There is so much to be angry about, if you are a clean energy guy. Every day, so many things that happen around the world make me angry when I look at them with lenses colored by the climate change chaos unfolding everywhere around us. And I am especially angry because I know we can solve the climate change crisis if we were only trying.Each week, I will share with you a few topics that struck me and that I was very angry about – and this will generally have to do with climate change, solar or wind power, plastic pollution, deforestation and reforestation, environmental degradation, wildlife, the oceans and other related topics.
With an estimated $30 trillion in assets under management, the insurance industry is a huge (but mostly invisible) force in influencing the direction of the global economy. Yet insurance companies are doing incredibly little to fight climate change - and get away with it: Out of the largest 30 insurers in the world, 29 pretty much do not take the Paris Climate Agreement at all into account and continue to back new oil, gas and coal as well as collect vast premiums from existing oil, gas and coal projects. Collectively, their Paris Climate Agreement-related policies, where these exist at all, amount to not much more than a giant pile of green-washing guff.
If you listen to banks and their explanations of they are doing about climate change, you might get the impression that most "get it" and are fighting it shoulder-to-shoulder with the rest of humanity. In fact, banks are funding enough carbon-intensive projects and companies to guarantee a 4°C rise or above in global warming, with their eyes wide open and in full cognizance of the facts. This episode on banks is the first in a series by The Angry Clean Energy Guy focused on the key actors in our global financial system - from banks to insurance companies, accountants, lawyers, rating agencies and institutional investors - and exposing who is really fighting climate change and who is pretending to while in reality putting short-term profit over people, health and planet.
"Fresh air" is a myth. In reality, 90% of us (worldwide) are breathing dirty air on a permanent basis. Because we can't see the pollution in our air, we don't tend to think about it enough. But our air is weakening all of us and killing 7 million a year, as well as placing an undue burden on health systems in every country. This has to stop and it can: No more petrol or diesel cars, trucks, buses, two- and three-wheelers, or trains - all of which can be replaced today by clean alternatives. Soon, no more petrol or diesel ships and planes too. Let's get going.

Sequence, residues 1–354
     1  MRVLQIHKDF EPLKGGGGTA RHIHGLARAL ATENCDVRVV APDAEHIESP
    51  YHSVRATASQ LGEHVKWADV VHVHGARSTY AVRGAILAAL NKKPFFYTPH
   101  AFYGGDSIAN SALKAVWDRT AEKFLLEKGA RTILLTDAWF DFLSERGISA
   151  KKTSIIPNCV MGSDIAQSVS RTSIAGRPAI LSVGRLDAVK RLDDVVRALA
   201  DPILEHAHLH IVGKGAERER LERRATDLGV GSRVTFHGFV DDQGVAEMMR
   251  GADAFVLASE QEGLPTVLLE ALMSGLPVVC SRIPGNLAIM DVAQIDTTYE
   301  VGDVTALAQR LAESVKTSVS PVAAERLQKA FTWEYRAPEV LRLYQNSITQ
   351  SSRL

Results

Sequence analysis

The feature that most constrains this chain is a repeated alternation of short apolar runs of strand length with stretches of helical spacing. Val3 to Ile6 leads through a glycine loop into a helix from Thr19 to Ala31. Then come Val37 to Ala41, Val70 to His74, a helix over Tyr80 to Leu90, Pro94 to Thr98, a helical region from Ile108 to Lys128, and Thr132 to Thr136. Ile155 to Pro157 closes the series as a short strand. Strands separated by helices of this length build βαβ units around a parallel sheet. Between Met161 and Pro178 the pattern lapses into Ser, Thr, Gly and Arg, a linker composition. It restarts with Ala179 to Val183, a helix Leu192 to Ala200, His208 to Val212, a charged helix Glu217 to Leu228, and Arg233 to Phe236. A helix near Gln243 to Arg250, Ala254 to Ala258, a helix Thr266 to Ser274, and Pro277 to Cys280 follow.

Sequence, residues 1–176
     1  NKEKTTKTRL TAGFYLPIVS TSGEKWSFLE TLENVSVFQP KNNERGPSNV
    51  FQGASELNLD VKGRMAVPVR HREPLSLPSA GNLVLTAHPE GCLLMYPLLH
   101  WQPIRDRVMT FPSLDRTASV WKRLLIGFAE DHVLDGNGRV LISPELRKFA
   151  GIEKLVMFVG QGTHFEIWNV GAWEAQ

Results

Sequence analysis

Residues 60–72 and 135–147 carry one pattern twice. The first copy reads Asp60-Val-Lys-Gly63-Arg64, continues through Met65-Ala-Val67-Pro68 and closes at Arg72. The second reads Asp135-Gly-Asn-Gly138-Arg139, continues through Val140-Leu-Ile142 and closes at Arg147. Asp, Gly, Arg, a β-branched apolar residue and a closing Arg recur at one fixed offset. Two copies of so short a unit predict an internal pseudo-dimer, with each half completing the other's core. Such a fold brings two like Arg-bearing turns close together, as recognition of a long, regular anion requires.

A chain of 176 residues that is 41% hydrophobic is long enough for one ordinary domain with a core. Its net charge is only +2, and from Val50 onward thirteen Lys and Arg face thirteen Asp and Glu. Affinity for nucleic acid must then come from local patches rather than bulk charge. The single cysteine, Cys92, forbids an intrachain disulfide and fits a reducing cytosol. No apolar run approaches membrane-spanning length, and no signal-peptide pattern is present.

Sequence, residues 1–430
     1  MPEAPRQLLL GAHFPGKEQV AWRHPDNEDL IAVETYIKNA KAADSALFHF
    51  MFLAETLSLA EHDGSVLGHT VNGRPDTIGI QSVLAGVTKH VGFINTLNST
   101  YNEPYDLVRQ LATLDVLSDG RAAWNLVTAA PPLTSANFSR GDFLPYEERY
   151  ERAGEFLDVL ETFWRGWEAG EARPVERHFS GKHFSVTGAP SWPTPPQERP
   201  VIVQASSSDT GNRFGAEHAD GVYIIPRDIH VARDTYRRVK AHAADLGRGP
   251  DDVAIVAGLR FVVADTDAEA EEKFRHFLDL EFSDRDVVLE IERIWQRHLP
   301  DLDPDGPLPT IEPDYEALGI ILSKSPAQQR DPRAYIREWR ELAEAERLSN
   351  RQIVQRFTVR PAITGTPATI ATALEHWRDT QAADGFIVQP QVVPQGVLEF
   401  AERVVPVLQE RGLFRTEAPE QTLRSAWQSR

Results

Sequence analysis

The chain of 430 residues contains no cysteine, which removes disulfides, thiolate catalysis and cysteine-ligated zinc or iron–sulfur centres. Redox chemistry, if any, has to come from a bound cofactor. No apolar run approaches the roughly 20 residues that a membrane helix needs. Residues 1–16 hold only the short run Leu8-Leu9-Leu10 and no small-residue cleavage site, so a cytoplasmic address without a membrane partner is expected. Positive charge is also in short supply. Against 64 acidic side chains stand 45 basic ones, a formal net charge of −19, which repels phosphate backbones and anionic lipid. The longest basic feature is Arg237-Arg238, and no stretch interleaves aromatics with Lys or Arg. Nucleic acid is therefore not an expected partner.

The latest, newest attacks against clean energy, namely “Oh my God, what are we going to do with all those solar panels and wind turbines and batteries at the end of their lives” and "Oh my God, what about the mining practices employed to get the materials necessary for clean energy ” are, in one word, bollocks. In Episode 42 of The Angry Clean Energy Guy, you will hear how the take-back and treatment of solar panels, inverters and batteries is already mandatory in the EU and is going global; how technologies to recycle solar panels are today everywhere around us and some reach an astonishing 96% recycling efficiency; how you can already recycle 85 to 90% of the total mass of wind turbines; and how 95% of lithium-ion battery components are being turned into new batteries or used in other industries. Most importantly perhaps, you can also see why the DNA of the clean energy industry is about building a circular economy around its products, in contrast to the DNA of Big Oil, which is about destroying, free of charge to them, our habitat.
October, 2020 marked the end of an era: The world’s largest solar and wind power generator, the US utility NextEra, surpassed ExxonMobil - literally the embodiment of Big Oil's recklessness and once the most valuable company on earth - in stock market worth: It took a pandemic to show the markets that the time for clean energy and clean air is right now, and here we are. Major announcements around new renewable energy plans were being made in the same period that NextEra was eclipsing ExxonMobil: Apparently, oil companies including Total, Shell and BP and oil traders including Vitol, Trafigura and Mercuria are intending to unleash hundreds of billions of dollars in new investments in renewable energy and battery storage. In this episode, The Angry Clean Energy Guy attempts to weigh the depth, breadth and sustainability of the wall of money about to pour into clean energy and to assess the implications on Big Oil's future and on renewable energy markets around the world.
Indonesia, population 270m and basking in abundant sunshine most of the year while stretched across the Equator, has less installed solar power capacity (198MW) than Finland (215MW), an Arctic country with just 5.5m people. That's one of the reasons South East Asia remains the global laggard on renewable energy while at the same time threatening to set the world on fire through the world's last great expansion in coal and gas infrastructure. But the resistance of powerful vested interests in ASEAN to renewable energy, transport sector electrification, fighting the plastic pandemic and investing less in fossil fuels can’t last: The clean energy revolution is poised to steamroll fossil fuels in South East Asia too, as the cost of renewables continues to plunge and the climate emergency accelerates.